If you want to purchase a quality knife, then you should definitely take a closer look at the Benchmade Lockback line. They offer several different models ranging from folding pocketknives to fixed blades. All of the Lockbacks come with a lifetime warranty against defects in materials and workmanship. So if anything goes wrong, you'll receive free replacement parts or a complete refund. No matter what type of knife you prefer, you can find a model that suits your needs.
Blade length. The longer the blade, the more effective it is at cutting through tough materials. However, if you've got a smaller hand, then you may prefer a shorter blade. In this case, you'll want a short lockback knife.
Handle material. Some knives feature a plastic handle, while others are made from wood. Wood handles tend to hold their shape well over time, whereas plastic tends to soften and lose its grip. Choose a handle that feels comfortable in your hands.
Lockback mechanism. Most modern locking mechanisms work similarly to how a padlock functions. They allow you to easily open and close the blade.
Blade steel. There are two types of blades used in today's market. Cold Steel uses a stainless steel blade, while Spyderco features a carbon steel blade. Stainless steel blades are stronger than carbon steel blades, but they do wear down faster. Carbon steel blades are harder to sharpen, but they stay sharper for longer.
Edge geometry. The edge geometry refers to the sharpness of the edges of the blade. Many manufacturers offer multiple options, including straight, serrated, chisel, spearpoint, and clip points.
Weight. Knives can weigh anywhere between 2 ounces and 10 pounds. Lighter knives are easier to wield, but heavier ones are easier to control. Consider weight when purchasing a knife.
Length. Knife lengths range from 3 inches to 12 inches. Longer knives are great for larger tasks such as chopping vegetables, but they take up more space in your pocket.
Width. Widths range from 1 inch to 4 inches. Wide knives are useful for slicing bread or opening cans, but they can be difficult to maneuver.
Tip radius. Tip radii refer to the curvature of the tip of the blade. Sharp tips are important for stabbing, but blunt tips are necessary for precision cuts.
Benchmade Lockbacks are a staple among survivalists. Benchmade Lockbacks are inexpensive knives that are built to last. They are durable and reliable. Benchmade Lockbacks are also versatile enough to handle any task you throw at them. Here we will go through each of the main types of lockbacks available.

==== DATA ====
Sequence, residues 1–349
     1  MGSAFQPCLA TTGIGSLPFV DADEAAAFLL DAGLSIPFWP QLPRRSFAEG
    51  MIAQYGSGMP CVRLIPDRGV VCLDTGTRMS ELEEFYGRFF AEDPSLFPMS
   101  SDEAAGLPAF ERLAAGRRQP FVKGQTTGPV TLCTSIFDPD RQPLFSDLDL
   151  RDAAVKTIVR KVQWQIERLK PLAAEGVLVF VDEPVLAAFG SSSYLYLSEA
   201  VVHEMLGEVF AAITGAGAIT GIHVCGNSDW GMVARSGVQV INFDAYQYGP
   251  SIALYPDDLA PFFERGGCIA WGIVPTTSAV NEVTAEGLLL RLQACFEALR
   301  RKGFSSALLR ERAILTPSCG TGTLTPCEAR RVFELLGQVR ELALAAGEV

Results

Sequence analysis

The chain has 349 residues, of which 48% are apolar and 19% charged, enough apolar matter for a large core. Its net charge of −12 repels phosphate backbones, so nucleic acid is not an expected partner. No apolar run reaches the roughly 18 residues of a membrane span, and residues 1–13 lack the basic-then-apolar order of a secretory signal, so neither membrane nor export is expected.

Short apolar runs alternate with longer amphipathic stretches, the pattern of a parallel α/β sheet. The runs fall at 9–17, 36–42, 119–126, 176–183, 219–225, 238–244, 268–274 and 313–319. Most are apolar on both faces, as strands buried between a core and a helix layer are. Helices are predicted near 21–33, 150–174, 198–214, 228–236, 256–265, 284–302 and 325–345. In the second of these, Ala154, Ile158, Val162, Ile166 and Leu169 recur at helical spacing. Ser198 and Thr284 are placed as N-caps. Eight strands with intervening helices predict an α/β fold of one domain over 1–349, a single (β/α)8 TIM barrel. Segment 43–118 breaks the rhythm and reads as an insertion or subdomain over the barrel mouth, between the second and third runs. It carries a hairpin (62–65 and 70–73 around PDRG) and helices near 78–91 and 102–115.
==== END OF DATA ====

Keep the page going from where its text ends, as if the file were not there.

Drop Point Lockbacks. Drop points are the original Benchmade Lockback. They were introduced in the early 90s and remain one of the most popular choices. They feature a blade shape that allows them to easily cut through bone. Their sharpness makes them great for skinning animals. They are also good for cutting rope and wood. They are also fairly light making them comfortable to use for extended periods of time.
Mini Lockbacks. Mini lockbacks are smaller versions of drop points. Benchmade Lockbacks are slightly less bulky than full size lockbacks. These are also lighter. Benchmade Lockbacks are great for everyday tasks like opening cans and boxes. Benchmade Lockbacks are also great for hunting small game. Benchmade Lockbacks are also great for fishing since they are lightweight and easy to transport.
Plain Lockbacks. Plain lockbacks are simply regular drop points without any decoration. Benchmade Lockbacks are great for beginners since they are simple to sharpen and maintain. Benchmade Lockbacks are also useful for cleaning fish and gutting large game.
Point Lockbacks. Point lockbacks are the newest version of the classic drop point. They feature a slight curve to the tip of the blade. This helps prevent the tip from digging into the meat. Benchmade Lockbacks are also thinner than traditional drop points. These are also sharper than standard drop points. They are also great for skinning larger game.
Blade Lockbacks. Blade lockbacks are the ultimate in versatility. Benchmade Lockbacks are essentially a combination of a drop point and a point lockback. These are thin enough to slice through flesh yet strong enough to hold up to heavy duty tasks. They are also incredibly sharp.
The Benchmade Lockback is a great tool for anyone who wants a quality knife that won't break the bank. It's a sturdy knife that is well suited for almost anything you might encounter.